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    1. A recent episode in a Korean soap opera addressed this very issue: a woman, reunited with her rich family after 25 years, takes her brother out to eat in a street market restaurant. The restaurant is scroungy, the waitress rude, and the utensils not shiny clean. He refuses to eat and after watching his sister scarf down 2 portions of the delicious food she ordered, asks, "You wouldn't eat unhealthy food just because it tastes good, would you?" No answer needed!

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    2. Healthy food isn't cheaper more often than not. Besides, those using the LINK card aren't affected by this tax. It's harmed businesses on the county border more than it's prevented the poor from purchasing these drinks or forcing them to change their habits. And isn't this the reason, supposedly, more money is needed? To cover the health care costs for this population?

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  5. Gonna be a bit of a contrarian on this one...

    The idea that Preckwinkle tried to sugar-coat this tax by saying it was a health measure doesn't bother me at all. *Every* tax is for the sake of generating revenue, regardless of what other goals are supposedly being pushed.

    *Every* tax that is indiscriminately charged across the board falls "unduly on the shoulders of poor people," relative to folks with more disposable income. Cigarette tax, gas tax, alcohol tax and on and on.

    The alcohol tax pisses me off -- should I start a movement to have it rescinded? The bottled water tax and grocery bag fee piss me off -- so I buy a lot less bottled water and reuse bags a lot more than I used to, but I can understand the rationales behind those measures, including the raising of revenue. To me, the biggest problem with this tax was the ham-handed way it was designed and implemented (see Neil's Sunset Foods fiasco column) and the fact that it's very late to the party when it comes to gouging the citizens.

    I just don't agree with the argument that encouraging Americans to ingest less sugar is a silly idea, in itself, or that this is a completely inappropriate possible new frontier when it comes to taxing things that are non-essential and that folks would do well to consume less of.

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    1. I kinda agree with you Jakash. Am kind of troubled by the triumphal tone of most of the comments. Maybe the killing the tax is a victory for common sense, but most of the Cook County budget seems to provide services for the poor. They may end up taking a hit.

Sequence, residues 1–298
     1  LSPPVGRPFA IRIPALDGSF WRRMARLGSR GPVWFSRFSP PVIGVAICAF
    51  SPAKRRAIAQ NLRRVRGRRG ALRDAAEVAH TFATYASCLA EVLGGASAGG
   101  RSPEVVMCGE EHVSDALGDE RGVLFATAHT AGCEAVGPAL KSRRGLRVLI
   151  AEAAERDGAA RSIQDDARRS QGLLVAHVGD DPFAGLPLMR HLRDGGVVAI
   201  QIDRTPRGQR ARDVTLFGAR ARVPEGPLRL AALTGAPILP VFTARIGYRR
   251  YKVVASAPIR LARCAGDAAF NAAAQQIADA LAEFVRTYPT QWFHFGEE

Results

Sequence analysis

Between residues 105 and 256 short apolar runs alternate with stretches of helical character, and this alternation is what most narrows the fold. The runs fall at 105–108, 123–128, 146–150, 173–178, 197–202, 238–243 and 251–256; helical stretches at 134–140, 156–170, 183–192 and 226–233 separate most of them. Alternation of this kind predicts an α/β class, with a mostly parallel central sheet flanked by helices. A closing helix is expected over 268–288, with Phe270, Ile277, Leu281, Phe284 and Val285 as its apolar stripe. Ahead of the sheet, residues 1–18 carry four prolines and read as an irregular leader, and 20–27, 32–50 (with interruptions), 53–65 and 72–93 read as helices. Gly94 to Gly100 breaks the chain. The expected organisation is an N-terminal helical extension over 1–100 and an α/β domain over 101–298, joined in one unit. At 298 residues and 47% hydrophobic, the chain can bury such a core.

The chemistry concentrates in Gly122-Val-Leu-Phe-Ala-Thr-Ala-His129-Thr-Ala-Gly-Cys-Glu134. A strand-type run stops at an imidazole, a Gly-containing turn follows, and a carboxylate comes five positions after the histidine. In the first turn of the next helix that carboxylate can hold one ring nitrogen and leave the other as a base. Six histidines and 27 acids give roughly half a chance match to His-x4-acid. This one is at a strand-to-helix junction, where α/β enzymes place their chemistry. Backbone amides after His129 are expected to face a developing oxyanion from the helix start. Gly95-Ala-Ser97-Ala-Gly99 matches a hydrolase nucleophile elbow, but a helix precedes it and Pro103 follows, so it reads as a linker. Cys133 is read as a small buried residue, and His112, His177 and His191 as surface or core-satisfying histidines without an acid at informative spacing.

Tom

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    2. While I realize the comments don't need another "me too!", the news of Prof. Thaler winning the Economics Prize did make me wonder whether the tax would prove to be a "nudge" towards behavior change, and now we likely won't find out. Over my life, the portion size for soda has become ever-larger, and the percentage of caloric sweetener as a part of the average diet has increased as well. We know there's a correlation between high tobacco taxes and reduced use. It would have been neat to see if a similar correlation might have occurred, or whether portion sizes would have been reduced w/r/t soda.

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  6. I am a true man of genius, as the following illustrates; another way of subverting the systems of control. I suggested to homeless people that they can buy sweetened beverages on their Link card for a lower amount because the are not subject to the soda tax. Then the can resell the products to their friends and acquaintances at a mark up. Thus have cash available for sundries or bus fare that the Link card doesn't cover. Curses, the Cook County Board is too clever for the likes of me.

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  7. Subverting the systems of control sounds like anarchy to me. A step down from libertarianism and perhaps a step up from trumpism.

    john

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    1. A step above trumpism, eh? Now that's personal. Imagine what it is like being into week four and your Link card has run out. Those few extra dollars can mean a lot to someone on a tight budget. If I didn't know better I'd think you care as much for the poor as Trump cares about the desperate people of Puerto Rico!

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  8. I'm compulsive, so I point out that the Sun-Times version says, "... to repeal the tax when the it meets Tuesday." The it?

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Thanks for commenting. As soon as I vet your remarks, they'll be posted, assuming they aren't, you know, mean and crazy.